To determine how the CWbias vs. CheY-P relationship depends on torque, we derived an analytical expression for the distribution of the CWbias in a population of cells, following our previous work17. To do this, we assumed a normal distribution of CheY-P with a mean $$\mu$$ and a spread of $$\sigma$$. We combined the distribution with the Hill equation that describes the CWbias versus CheY-P relationship (Fig. 2c) to yield an analytical form for the CWbias distribution in a population of cells (see Eqs. 1 and 2 in Supplementary Note 1). We first fitted Eq. 2 to the CWbias distribution for the high torque (high Nst) group in Fig. 2b, with $$\mu$$ as a free parameter. We assumed σ = 0.13 μ, a Hill coefficient value ($$h$$) = 10, and a dissociation constant value ($${K}_{{{{{{\rm{D}}}}}}}$$) = 3.1 μM based on previous studies17,18. A nonlinear least-square fit yielded $$\mu$$ = 5.3 ± 0.5 μM (mean ± SEM) for the ΔcheRcheBcheZ strain, which is reasonable given the higher levels of CheY-P phosphorylation in this strain compared to the wild type. Next, we assumed the same values of $$\mu$$ and $$\sigma$$ for the remaining Nst groups, as the distribution of [CheY-P] is not expected to depend on the number of stator units. Nonlinear least-square fitting with $${K}_{{{{{{\rm{D}}}}}}}$$ as a free parameter yielded $${K}_{{{{{{\rm{D}}}}}}}$$ = 4.5 ± 0.0 for medium torque (medium Nst) and = 5.6 ± 0.0 for low torque (low Nst), see Supplementary Table 1. The dissociation constant $${K}_{{{{{{\rm{D}}}}}}}\,$$for the CheY-P/motor interaction thus decreased with increasing torque.

Next, we analytically calculated the CWbias values over varying CheY-P levels for each Nst group by plugging in the corresponding fitted $${K}_{{{{{{\rm{D}}}}}}}$$ value into the Hill equation (Eq. (1) and Supplementary Note 1). The three CWbias versus CheY-P curves are shown in Fig. 2d. The curves shift leftward as the motor recruits more stator units following an increase in load. The high Nst case (green curve) correctly represents the CW-only rotation of motors with a full complement of stator units (Fig. 2a). The $${K}_{{{{{{\rm{D}}}}}}}$$ is highest for the case of lowest torque (~270 pN nm). The shift in motor response curves with increasing torque indicates that the CWbias increases as more stator units are recruited.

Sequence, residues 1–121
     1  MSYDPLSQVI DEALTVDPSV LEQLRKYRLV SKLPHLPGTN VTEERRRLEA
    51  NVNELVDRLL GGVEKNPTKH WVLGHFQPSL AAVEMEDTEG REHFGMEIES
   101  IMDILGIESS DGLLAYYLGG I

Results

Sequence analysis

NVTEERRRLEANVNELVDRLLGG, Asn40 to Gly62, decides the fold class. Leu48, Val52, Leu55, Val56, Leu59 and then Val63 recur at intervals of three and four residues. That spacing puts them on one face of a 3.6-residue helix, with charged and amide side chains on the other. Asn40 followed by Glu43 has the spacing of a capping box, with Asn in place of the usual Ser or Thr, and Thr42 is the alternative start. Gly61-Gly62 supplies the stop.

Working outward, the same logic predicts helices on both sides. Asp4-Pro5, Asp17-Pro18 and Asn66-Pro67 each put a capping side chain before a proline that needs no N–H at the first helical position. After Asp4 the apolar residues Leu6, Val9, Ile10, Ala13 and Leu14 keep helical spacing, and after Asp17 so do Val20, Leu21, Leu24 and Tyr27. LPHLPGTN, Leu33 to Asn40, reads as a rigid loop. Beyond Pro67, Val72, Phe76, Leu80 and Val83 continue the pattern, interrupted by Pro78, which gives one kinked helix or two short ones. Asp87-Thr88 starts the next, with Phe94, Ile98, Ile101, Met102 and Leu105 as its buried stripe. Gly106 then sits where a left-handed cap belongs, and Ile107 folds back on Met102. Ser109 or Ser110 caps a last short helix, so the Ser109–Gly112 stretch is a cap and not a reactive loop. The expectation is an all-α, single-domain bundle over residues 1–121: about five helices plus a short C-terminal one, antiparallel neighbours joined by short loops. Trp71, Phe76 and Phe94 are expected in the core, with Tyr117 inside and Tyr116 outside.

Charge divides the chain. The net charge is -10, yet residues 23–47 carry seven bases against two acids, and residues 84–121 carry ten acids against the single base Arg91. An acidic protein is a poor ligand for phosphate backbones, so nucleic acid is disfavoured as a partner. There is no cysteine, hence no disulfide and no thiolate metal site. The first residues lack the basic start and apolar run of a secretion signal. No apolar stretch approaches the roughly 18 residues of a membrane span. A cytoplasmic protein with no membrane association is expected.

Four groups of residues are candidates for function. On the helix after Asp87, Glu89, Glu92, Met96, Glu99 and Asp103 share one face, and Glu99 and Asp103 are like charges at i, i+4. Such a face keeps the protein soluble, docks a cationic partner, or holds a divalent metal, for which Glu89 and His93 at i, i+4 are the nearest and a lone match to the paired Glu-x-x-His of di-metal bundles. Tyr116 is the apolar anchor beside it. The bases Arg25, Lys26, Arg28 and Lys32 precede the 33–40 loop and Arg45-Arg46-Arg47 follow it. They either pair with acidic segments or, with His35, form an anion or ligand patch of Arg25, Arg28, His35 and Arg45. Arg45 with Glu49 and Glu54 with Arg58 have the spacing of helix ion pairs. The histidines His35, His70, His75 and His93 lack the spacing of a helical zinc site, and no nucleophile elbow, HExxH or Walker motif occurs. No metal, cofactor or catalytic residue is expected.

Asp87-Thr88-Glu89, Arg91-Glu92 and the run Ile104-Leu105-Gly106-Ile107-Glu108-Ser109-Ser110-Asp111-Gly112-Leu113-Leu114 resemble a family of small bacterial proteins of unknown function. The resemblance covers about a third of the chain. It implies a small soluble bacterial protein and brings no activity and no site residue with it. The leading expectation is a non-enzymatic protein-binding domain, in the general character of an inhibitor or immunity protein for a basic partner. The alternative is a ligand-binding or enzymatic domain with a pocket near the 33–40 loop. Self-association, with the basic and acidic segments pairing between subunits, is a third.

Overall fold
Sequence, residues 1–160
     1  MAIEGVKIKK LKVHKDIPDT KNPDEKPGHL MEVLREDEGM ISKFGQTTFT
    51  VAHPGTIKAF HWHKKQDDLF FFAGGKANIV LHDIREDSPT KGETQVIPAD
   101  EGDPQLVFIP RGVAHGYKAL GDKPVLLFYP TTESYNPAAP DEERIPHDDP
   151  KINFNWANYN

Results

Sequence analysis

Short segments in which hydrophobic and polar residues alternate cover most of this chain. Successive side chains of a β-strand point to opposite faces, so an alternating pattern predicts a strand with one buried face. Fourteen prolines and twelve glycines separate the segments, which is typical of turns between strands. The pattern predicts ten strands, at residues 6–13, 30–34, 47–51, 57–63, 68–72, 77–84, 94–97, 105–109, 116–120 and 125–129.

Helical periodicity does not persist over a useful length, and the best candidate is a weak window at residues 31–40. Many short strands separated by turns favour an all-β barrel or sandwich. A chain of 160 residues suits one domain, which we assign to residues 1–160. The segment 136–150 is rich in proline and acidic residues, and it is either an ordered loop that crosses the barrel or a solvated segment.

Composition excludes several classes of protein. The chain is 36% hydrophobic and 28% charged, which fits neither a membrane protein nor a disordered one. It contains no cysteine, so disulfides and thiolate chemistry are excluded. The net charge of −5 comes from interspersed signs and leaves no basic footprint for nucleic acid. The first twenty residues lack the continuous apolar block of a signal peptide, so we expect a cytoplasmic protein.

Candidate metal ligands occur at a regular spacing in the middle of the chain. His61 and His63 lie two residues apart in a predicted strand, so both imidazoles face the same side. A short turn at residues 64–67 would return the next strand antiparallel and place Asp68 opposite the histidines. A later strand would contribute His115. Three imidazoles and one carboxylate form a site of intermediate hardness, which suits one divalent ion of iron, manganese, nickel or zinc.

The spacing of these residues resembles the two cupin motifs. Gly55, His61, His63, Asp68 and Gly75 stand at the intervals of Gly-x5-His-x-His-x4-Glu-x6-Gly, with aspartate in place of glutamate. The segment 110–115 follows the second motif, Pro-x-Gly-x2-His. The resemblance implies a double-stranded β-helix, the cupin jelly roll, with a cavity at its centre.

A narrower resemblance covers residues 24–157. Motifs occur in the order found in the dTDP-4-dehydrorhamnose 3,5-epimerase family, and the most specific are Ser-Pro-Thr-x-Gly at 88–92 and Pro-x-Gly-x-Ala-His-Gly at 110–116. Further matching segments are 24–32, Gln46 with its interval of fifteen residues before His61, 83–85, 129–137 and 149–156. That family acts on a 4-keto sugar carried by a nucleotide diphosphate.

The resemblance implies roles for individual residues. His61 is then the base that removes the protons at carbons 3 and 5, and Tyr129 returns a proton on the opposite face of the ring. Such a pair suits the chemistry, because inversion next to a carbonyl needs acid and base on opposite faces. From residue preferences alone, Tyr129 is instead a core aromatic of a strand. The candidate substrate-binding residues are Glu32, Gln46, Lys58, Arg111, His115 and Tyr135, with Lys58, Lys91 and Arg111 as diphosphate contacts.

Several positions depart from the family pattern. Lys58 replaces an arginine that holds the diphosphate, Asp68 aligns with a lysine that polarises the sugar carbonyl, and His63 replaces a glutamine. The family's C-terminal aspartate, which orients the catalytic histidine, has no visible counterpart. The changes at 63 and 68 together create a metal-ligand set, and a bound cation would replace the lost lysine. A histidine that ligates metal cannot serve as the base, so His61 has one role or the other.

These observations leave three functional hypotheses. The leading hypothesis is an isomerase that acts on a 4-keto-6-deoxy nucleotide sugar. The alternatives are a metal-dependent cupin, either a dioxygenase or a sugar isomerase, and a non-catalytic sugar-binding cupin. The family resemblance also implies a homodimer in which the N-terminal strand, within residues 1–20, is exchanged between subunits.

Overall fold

## Discussion

In our previous work, we observed that the immediate effect of increasing the load on a flagellar motor is to slow its rotation and to decrease its CWbias. The motor adapts to the higher load by recruiting additional MotA-MotB stator units, which increases the speed of rotation and the CWbias to steady-state values4. Here, we showed that the motor adapts the CWbias by increasing its affinity for the chemotaxis response regulator CheY-P, whose binding to the motor promotes CW rotation.

Our measurements suggest that there is no significant difference in CheY-P binding to motors rotating under high torque relative to motors stalled with optical traps (Fig. 1e). Although it is possible that some protons leak through the stator in a stalled motor, the high duty ratio under high viscous loads ensures that the proton flux through a stalled motor is very low. The recent model for stator function by rotation of the MotA pentamer of a stator unit around a centrally located MotB dimer, which is held stationary by attachment to the cell wall, also predicts that stator units in a stalled motor will not conduct ions10,11,19. Thus, our data suggest that it is not the increased proton flux caused by the mechanosensitive recruitment of stator units that influences CheY-P binding. Instead, it is likely the torque (force) delivered by the stator to the rotor that modulates CheY-P binding.